Returning data from async call in Swift function

Introduced in Swift 5.5 (iOS 15, macOS 12), we would now use the asyncawait pattern:

func fetchGenres() async throws -> [Genre] {
    let (data, _) = try await URLSession.shared.dataTask(for: request)
    return try JSONDecoder().decode([Genre].self, from: data)

And we would call it like:

let genres = try await fetchGenres()

The asyncawait syntax is far more concise and natural than the traditional completion handler pattern outlined in my original answer, below.

For more information, see Meet async/await in Swift.

The historic pattern is to use completion handlers closure.

For example, we would often use Result:

func fetchGenres(completion: @escaping (Result<[Genre], Error>) -> Void) {
    URLSession.shared.dataTask(with: request) { data, _, error in 
        if let error = error {
            DispatchQueue.main.async {

        // parse response here

        let results = ...
        DispatchQueue.main.async {

And you’d call it like so:

fetchGenres { results in
    switch results {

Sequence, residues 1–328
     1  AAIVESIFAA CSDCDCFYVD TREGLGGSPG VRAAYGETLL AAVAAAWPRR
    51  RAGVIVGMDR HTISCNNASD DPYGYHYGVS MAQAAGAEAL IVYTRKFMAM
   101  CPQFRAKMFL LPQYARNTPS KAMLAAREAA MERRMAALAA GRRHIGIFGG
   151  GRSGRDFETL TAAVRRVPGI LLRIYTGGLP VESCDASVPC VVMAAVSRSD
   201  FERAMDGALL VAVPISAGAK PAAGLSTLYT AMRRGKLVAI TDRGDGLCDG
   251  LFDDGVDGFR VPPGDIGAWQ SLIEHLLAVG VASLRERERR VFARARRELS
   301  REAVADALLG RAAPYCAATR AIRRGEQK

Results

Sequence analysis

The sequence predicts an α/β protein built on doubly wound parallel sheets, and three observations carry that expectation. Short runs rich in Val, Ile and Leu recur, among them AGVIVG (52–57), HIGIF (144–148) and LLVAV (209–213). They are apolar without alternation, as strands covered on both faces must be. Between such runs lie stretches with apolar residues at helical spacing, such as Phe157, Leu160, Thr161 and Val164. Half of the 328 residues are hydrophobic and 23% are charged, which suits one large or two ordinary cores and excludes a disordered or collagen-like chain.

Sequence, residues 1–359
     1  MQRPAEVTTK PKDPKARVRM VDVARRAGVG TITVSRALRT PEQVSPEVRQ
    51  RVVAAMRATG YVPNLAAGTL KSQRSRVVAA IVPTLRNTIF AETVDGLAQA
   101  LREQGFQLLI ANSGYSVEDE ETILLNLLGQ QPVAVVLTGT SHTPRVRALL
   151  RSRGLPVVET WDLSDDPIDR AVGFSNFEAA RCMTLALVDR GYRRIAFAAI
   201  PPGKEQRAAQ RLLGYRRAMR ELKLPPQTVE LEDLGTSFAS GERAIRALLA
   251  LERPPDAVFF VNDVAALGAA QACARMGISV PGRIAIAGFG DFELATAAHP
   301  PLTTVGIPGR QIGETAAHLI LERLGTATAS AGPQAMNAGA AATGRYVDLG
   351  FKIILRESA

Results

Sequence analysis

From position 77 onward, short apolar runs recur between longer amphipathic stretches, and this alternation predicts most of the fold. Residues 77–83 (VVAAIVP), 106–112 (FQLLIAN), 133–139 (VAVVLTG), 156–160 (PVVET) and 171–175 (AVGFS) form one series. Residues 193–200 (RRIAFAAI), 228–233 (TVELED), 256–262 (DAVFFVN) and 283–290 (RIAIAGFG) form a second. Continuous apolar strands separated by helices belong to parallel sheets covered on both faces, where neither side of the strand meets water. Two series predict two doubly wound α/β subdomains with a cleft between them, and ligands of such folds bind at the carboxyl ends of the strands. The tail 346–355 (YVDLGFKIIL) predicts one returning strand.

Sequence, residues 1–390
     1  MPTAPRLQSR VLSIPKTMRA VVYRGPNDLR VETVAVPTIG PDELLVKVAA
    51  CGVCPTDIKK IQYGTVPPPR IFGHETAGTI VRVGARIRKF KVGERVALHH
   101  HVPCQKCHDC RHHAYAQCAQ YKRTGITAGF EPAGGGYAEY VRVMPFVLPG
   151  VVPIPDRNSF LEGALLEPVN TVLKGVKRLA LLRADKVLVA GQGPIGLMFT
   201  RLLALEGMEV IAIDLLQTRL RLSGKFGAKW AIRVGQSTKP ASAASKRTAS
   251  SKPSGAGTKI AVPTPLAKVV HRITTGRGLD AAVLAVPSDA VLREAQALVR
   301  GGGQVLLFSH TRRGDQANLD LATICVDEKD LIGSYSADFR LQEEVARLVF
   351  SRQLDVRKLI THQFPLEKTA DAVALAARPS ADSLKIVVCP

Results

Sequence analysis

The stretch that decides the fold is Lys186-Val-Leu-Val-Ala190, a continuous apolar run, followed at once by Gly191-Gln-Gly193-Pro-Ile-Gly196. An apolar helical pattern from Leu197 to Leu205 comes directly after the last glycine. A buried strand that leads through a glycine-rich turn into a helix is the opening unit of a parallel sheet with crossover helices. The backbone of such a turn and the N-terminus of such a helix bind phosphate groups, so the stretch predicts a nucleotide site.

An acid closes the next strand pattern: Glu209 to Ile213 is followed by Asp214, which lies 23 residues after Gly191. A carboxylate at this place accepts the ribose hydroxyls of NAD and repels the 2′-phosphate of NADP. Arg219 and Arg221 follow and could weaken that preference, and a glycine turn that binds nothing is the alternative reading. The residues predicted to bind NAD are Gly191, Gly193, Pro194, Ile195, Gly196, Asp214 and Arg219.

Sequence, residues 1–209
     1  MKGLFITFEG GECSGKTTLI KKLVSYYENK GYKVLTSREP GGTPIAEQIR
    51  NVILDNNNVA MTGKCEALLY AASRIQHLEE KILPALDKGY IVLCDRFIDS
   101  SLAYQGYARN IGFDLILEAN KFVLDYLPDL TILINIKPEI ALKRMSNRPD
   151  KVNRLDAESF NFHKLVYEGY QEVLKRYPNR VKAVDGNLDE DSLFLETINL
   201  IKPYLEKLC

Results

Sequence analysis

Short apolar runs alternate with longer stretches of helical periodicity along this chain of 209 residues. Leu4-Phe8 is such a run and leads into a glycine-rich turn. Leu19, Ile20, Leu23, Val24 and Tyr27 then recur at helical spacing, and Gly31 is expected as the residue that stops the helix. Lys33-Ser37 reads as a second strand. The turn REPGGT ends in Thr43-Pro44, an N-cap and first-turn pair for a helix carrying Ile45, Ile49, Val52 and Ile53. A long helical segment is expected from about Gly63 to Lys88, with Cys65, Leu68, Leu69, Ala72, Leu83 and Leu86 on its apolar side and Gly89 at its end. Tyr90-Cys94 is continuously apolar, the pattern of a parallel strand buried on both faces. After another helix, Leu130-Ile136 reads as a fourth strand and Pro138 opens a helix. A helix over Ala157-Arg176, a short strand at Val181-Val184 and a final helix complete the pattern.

case .failure(let error):

    case .success(let genres):
        // use `genres` here, e.g. update model and UI            

// but don’t try to use `genres` here, as the above runs asynchronously

Note, above I’m dispatching the completion handler back to the main queue to simplify model and UI updates. Some developers take exception to this practice and either use whatever queue URLSession used or use their own queue (requiring the caller to manually synchronize the results themselves).

But that’s not material here. The key issue is the use of completion handler to specify the block of code to be run when the asynchronous request is done.

Note, above I retired the use of NSArray (we don’t use those bridged Objective-C types any more). I assume that we had a Genre type and we presumably used JSONDecoder, rather than JSONSerialization, to decode it. But this question didn’t have enough information about the underlying JSON to get into the details here, so I omitted that to avoid clouding the core issue, the use of closures as completion handlers.

Leave a Comment